With cybersecurity for the energy sector emerging as one of the most serious challenges associated with grid modernization and infrastructure protection, maintaining a robust pipeline of cutting-edge technologies is vital to helping the energy sector continue adapting to the changing cyber landscape. The “Industry Partnerships for Cybersecurity of Energy Delivery Systems (CEDS) Research, Development and Demonstration for the Energy Sector” Funding Opportunity Announcement (FOA) will lead to next-generation tools and technologies that will become widely adopted to enhance and accelerate additional cybersecurity capabilities for the U.S energy critical infrastructure.
I had the opportunity this past week to represent the Department of Energy at a critically important exercise here in our Nation’s Capital – an exercise, just like in real life, to strengthen our muscles, in this case making our electricity grid more secure and resilient.
The two-day Grid Security Exercise III, or GridEx III, was the largest exercise of its kind – ever. GridEx III brought together government and private sector leaders to simulate a coordinated response to physical and cyber threats to our Nation’s grid.
The Office of Electricity Delivery and Energy Reliability (OE) recently released an innovative, interactive visualization tool to highlight the findings from our work on the effect of sea level rise and storm surge on energy infrastructure. The tool is designed to enhance the communication of the results and allows users to better understand the context of the potential exposure and explore spatial data used to create the maps. The tool also includes full reports for each of the seven metropolitan statistical areas (MSA).
I have previously written about synchrophasors. These are systems that measure the status of the electric power grid at high resolution and enable a wide range of applications that allow operators to manage their systems more efficiently, integrate new generation sources, and improve reliability. Synchrophasor technology monitors the grid at a rate 100 times faster than existing systems and is a core component of a modernized grid.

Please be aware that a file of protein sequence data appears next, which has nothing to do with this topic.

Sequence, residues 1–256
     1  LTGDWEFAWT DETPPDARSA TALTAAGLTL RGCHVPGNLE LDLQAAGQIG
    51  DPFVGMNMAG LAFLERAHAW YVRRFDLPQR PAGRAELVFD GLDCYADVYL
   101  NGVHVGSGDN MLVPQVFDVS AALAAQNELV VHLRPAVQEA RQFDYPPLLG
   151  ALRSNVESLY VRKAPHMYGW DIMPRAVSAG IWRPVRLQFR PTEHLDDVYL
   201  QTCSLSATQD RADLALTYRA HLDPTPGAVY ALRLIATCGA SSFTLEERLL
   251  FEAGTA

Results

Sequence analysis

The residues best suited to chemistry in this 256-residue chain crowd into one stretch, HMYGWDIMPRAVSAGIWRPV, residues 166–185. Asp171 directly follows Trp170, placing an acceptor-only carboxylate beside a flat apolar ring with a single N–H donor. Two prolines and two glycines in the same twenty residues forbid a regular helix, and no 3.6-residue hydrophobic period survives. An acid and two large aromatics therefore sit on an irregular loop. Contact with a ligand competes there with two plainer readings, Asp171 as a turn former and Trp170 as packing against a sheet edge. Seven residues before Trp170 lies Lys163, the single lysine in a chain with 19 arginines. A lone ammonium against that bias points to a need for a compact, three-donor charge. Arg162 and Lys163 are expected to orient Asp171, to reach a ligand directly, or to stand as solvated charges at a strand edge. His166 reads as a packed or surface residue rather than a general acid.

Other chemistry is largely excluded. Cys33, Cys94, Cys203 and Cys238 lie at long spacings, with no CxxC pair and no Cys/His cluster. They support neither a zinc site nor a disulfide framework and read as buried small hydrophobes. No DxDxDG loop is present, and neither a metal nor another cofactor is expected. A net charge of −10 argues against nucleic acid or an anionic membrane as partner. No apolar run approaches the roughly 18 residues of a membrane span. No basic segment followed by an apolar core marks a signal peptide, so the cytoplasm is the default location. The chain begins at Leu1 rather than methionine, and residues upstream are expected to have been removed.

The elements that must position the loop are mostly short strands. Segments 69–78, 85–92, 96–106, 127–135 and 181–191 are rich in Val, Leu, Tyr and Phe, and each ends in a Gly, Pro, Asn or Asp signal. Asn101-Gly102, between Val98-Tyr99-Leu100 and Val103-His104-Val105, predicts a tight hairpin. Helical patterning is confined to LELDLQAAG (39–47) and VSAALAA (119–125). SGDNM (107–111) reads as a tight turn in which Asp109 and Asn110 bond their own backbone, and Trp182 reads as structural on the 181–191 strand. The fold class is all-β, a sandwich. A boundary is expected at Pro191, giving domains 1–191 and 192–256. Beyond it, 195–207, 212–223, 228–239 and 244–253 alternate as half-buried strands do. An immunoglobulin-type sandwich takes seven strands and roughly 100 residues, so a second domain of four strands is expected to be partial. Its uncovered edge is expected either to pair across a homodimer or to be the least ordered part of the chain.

The Department of Energy is working in partnership with industry members to advance and accelerate the use of this technology. Since 1995, the Department has sponsored R&D in Phasor Measurement Units (PMUs) and synchrophasor applications
The more than 330 Recovery Act-funded projects that the Office of Electricity Delivery and Energy Reliability has been managing over the past five years have been successfully completed, with major improvements to the grid now in place across America. Under the American Recovery and Reinvestment Act of 2009, the Energy Department invested more than $31 billion in a wide range of projects nationwide. The DOE investment included $4.5 billion for modernization of the nation’s electric grid. With matching private funding from the electric sector, the investment in grid modernization totaled about $9.5 billion.
This is National Preparedness Month, when we as a Nation take time to create plans to stay safe for any disaster that could potentially affect our communities. This year’s theme is “Don't Wait. Communicate. Make Your Emergency Plan Today.” During this week’s Power Outage Week, please take time to plan and practice your response so that you know what to do to be safe if the power goes out.
Nuclear reactions of the sun create light and heat and, from time to time, the sun ejects a mass of charged particles racing through space called a Coronal Mass Ejection (also known as a solar flare). When that mass reaches the earth, it reacts with the earth’s magnetic field, sending charged particles swirling around the planet. Some of the results are spectacular, including the Northern Lights.